Sampson was stressing but I was just grimly furious with myself for being so out of practice as to let it get to this. But time was on our side: it was 4.30pm and the truck was blocking the road in front of the main checkpoint. Even if we had to sleep there overnight, I wasn’t going to pay a penny more than the $500 we’d coughed up already for the privilege of coming to Sierra Leone. When Chief Whippet came to ask us why we weren’t moving, I said I’m afraid we couldn’t because Immigration were holding our passports, smiled sweetly, wound the window up and started making supper…
The dahl was simmering on the stove and the rice tucked up in the hotbox when someone came to call me back to Immigration about 5.30. I went alone: I knew I needed to give Little Big Man an opportunity to save face and that would be easier without a protective husband.
He was sat outside his office, legs spread, playing benevolent Mr Nice Guy with a scrimmage of small children. But when he got me inside he let rip, on his feet ranting at me at the top of his voice for a good ten minutes. Why had I kept him waiting? I said I hadn’t yet been able to get hold of the SA Embassy. Why did I think that anything that some guy from South Africa could say would make a difference? He threatened to send us back to Liberia tonight. I sat meekly with my hands in my Mandela-skirted lap and said gosh, yes, it looked like that might be the only option. The offices were due to shut at 6pm. He sighed, dropped his anger, swept our passports off the table and handed them to me with a magnanimous air: they were already stamped and approved – for three weeks. I expressed my sincere gratitude and invited him to come and see the truck. He said he would, but he didn’t. I’d won the battle of the blag, and he knew it.
Not everyone on the Sierra Leone side was such a chancer. An Ecowas Brown Card official we encountered earlier, Mr Abu Baimba Maussallay, was thrilled to hear the details of our adventure and had invited us to visit his house. We moved off as soon as our passports were released (after a respectful pause for the lowering of the flag) and he was so disappointed we hadn’t taken him up on his invitation, first thing in the morning he rode out to where we’d camped in grounds of the local primary school and brought us a huge bag of gari and delicious roasted peanuts from his wife. Bless you Mr Abu for transforming our first impressions of Sierra Leone into positive ones.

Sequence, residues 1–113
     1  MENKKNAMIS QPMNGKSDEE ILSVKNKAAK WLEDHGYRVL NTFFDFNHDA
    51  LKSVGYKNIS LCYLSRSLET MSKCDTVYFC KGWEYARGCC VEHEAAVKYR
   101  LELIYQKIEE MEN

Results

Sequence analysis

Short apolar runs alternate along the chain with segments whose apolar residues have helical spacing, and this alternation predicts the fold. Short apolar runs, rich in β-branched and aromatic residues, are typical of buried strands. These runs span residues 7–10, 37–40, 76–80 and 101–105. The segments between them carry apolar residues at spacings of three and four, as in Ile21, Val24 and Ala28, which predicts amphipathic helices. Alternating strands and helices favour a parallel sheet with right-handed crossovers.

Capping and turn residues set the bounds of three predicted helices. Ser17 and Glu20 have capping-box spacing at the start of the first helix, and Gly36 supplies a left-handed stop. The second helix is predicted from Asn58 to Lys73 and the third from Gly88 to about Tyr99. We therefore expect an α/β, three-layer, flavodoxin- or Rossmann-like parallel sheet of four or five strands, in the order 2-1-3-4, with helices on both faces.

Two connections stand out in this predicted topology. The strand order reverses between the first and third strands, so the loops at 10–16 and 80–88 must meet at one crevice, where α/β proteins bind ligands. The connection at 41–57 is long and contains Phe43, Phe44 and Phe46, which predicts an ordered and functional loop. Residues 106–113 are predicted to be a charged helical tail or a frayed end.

Unbelievably, there was quite a strong internet connection just over the border at Jendema and I was able to use up our Liberian airtime in the early morning loading two missing blogs, though without photos. Venerable Principal Bockari Alpha of the UMC International School visited us wearing holey socks and flipflops. Sierra Leone schools are opening early in 2016 to try and make up time lost to Ebola.
By lunchtime on December 30th we realised we weren’t going to make it to Freetown for New Year’s Eve – the road got so bad, we were averaging 5kmph. It was like being on a slow motion rollercoaster. At times, people were walking faster than we were driving! However challenging the road got, we were always chastened by the sight of tiny Nissans or Renaults coming the other way, loaded with twice the car’s capacity strapped to the roof plus a couple of people hanging on, literally, by the tips of their toes.
But to me, it felt like a classic day of truckulence, offering a privileged glimpse into a rarely witnessed way of life. Every few kilometres we would bump through a village at a pace sedate enough to exchange waves with women spreading grain out to dry on flat places next to the road, or exchange words with men sat together in the shade waiting for the heat of the day to pass. I felt so very blessed and content to watch this world go by.
The villages were painfully picturesque, square wattle and daub mud huts roofed with plaited palm fronds, draped with mauve convolvulus. Tin and concrete were reserved for schools and the very occasional clinic. Despite there being hardly any organised agriculture beyond subsistence crops of cassava, food prices were substantially cheaper – once we got the hang of the new currency (5500Leones to the $1) we found bread rolls and papayas were half the price of Liberia.
It was just so rewarding to be out in a remote rural area again. There is nothing to match the unfeigned smiles of people along the road, showing the spontaneous delight of children. This is far from ‘backwards’ behaviour: on the contrary, they demonstrate how humans used to immediately light up with happiness on seeing each other in a surprising context, before consumer society taught us to be ‘cool’ and filter our responses according to fashion. The genuine warmth of strangers towards us is something that never ceases to humble me.
The most noticeable shift from Liberia to Sierra Leone is the fact that the population is two thirds Muslim – subtly transforming the atmosphere to something simultaneously slightly more conservative and slightly more colourful. I don’t know why, but it’s reminding me of Angola – everyone’s a little shyer and little girls have beaded fringes. People tend to have finer cheekbones and brighter clothes, with more gold sparkle. Ruby and I love the intricate batik prints of hot pink and blue, often, amongst young women, featured in matching tailored leggings and fitted top.
I was surprised to see three women along the way washing clothes or sweeping completely topless. It is rather wonderful to imagine living in a place where there is no shame in working outdoors with your boobs free if it’s hot. Who’s backwards now?